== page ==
However, 8 percent of respondents — 74 people — said that they continued their 2020 hike despite ATC guidance, and 81 percent of those respondents said that they ultimately completed the trail. 

Jones said that the ATC’s announcements did little to discourage her hike. If anything, they had the opposite effect. 

“I guess I felt like they thought they could control people based off of their recognition, and I just didn’t agree with that,” she said. “I’m disappointed in the way they handled it.”

She had to get off trail for a bit to deal with her hip issue, but Jones said she made it a point to stay on until after the ATC’s March 31 cut-off — she paused her hike on April 2 and resumed it mid-May. On Sept. 10, she summited Mount Katahdin, a feeling that she can only describe as “incredible.”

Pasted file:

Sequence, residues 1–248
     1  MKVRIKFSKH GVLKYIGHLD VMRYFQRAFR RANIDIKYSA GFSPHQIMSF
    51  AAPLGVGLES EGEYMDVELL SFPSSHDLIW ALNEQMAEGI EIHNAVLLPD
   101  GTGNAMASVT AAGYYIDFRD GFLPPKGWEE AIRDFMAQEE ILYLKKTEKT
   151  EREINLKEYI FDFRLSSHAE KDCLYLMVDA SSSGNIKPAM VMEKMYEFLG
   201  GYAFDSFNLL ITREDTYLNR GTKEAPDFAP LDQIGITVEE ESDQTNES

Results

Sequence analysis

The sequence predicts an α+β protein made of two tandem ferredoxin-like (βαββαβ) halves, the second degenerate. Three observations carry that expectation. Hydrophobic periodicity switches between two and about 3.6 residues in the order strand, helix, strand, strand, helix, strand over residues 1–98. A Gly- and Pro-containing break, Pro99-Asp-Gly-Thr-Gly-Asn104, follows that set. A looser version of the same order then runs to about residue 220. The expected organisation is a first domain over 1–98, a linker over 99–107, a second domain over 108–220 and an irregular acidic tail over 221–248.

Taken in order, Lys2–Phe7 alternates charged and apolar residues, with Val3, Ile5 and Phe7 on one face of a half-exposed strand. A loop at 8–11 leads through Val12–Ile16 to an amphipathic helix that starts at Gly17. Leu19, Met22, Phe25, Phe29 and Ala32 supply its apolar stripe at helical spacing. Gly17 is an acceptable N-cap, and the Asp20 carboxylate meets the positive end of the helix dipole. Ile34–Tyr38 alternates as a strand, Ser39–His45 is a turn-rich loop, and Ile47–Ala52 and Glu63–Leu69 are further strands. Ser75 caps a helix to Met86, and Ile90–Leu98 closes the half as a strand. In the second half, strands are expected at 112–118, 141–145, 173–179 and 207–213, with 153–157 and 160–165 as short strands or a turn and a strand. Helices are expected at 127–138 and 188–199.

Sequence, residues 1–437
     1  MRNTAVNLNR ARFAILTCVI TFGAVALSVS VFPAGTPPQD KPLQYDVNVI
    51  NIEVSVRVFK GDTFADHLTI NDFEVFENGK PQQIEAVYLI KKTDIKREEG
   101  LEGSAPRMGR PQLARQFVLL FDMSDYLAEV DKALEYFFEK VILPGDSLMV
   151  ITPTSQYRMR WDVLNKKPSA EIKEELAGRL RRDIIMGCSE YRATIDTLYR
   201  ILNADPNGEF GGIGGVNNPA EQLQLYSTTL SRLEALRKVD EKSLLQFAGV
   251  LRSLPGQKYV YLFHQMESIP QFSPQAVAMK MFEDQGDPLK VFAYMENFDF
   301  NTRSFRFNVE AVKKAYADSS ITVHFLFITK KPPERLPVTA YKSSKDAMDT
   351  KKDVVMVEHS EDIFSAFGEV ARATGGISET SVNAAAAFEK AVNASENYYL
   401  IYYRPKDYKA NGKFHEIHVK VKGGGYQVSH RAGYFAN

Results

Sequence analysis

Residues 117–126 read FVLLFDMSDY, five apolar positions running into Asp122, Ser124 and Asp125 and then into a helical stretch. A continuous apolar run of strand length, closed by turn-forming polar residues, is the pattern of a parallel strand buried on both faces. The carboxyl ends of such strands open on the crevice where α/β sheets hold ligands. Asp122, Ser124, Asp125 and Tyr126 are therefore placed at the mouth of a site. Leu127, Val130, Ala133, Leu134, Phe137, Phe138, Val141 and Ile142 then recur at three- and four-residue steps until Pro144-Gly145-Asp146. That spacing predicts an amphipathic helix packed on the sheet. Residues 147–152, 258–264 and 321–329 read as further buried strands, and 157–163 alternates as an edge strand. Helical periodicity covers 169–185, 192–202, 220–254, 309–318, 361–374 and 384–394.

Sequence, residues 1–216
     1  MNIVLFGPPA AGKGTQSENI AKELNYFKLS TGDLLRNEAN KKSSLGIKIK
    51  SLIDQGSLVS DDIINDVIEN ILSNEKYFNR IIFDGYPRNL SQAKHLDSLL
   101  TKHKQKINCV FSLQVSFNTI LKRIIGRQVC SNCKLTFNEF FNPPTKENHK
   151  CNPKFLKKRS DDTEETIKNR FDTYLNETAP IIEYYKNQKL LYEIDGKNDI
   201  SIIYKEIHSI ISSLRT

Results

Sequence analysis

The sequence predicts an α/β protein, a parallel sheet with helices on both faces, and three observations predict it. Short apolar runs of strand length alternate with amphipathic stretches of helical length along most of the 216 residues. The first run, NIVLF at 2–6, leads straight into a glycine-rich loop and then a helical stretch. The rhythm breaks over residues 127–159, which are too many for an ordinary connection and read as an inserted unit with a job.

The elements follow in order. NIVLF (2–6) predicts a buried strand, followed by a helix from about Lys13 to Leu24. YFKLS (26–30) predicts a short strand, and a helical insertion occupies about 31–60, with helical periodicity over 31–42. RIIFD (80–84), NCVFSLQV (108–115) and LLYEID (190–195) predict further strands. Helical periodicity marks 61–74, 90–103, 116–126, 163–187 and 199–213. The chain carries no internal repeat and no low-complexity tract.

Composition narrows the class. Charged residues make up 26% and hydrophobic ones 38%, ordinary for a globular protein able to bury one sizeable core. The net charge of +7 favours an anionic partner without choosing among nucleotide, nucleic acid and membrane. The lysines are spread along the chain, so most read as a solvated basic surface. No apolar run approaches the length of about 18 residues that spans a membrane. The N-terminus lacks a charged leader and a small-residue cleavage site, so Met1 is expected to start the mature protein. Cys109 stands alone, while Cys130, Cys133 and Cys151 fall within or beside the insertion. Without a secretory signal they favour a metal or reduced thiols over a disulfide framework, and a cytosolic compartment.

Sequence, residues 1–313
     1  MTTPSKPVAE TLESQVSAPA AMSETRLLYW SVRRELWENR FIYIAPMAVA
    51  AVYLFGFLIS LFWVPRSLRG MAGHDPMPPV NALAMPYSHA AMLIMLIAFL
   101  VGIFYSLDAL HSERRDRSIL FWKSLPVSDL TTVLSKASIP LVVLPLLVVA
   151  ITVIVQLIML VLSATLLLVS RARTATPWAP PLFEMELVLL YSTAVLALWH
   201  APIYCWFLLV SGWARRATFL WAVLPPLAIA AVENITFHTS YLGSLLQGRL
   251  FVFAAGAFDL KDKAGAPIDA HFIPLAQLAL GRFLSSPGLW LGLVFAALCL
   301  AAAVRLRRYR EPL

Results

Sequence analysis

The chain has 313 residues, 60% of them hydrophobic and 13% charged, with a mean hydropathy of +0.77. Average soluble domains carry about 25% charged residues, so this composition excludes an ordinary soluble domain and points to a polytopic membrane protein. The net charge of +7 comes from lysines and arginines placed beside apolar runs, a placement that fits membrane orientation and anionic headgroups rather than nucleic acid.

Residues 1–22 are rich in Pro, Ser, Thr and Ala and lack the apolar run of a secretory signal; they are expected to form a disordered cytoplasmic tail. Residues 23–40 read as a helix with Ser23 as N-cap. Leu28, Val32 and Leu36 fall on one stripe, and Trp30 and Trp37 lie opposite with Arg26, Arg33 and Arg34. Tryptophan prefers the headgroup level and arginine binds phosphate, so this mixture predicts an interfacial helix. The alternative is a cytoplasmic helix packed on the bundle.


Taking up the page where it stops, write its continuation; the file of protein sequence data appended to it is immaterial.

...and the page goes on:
“I don’t think I’ve fully wrapped my head around it yet,” she said. 

Williams, meanwhile, said he would have gotten off the trail even if sickness hadn’t forced him to. It’s such a long hike and it goes through so many different states with so many varying levels of infection — it was probably for the best that he was forced to drop out early, he said.

Sommerville said that the decision wasn’t about control — it was about safety. 

Initial information about the virus indicated that it could be transmitted easily via aerosol particles, through surface contamination and possibly through fecal matter. Taken together, that meant that camping — especially in shelters with privies — would be quite risky. Additionally, local trail communities were nervous about the potential of a steady stream of thru hikers to spread the virus to their residents, and trail clubs didn’t want to expose their volunteers to the virus. Many A.T. communities joined the ATC in asking the federal government to close the trail completely.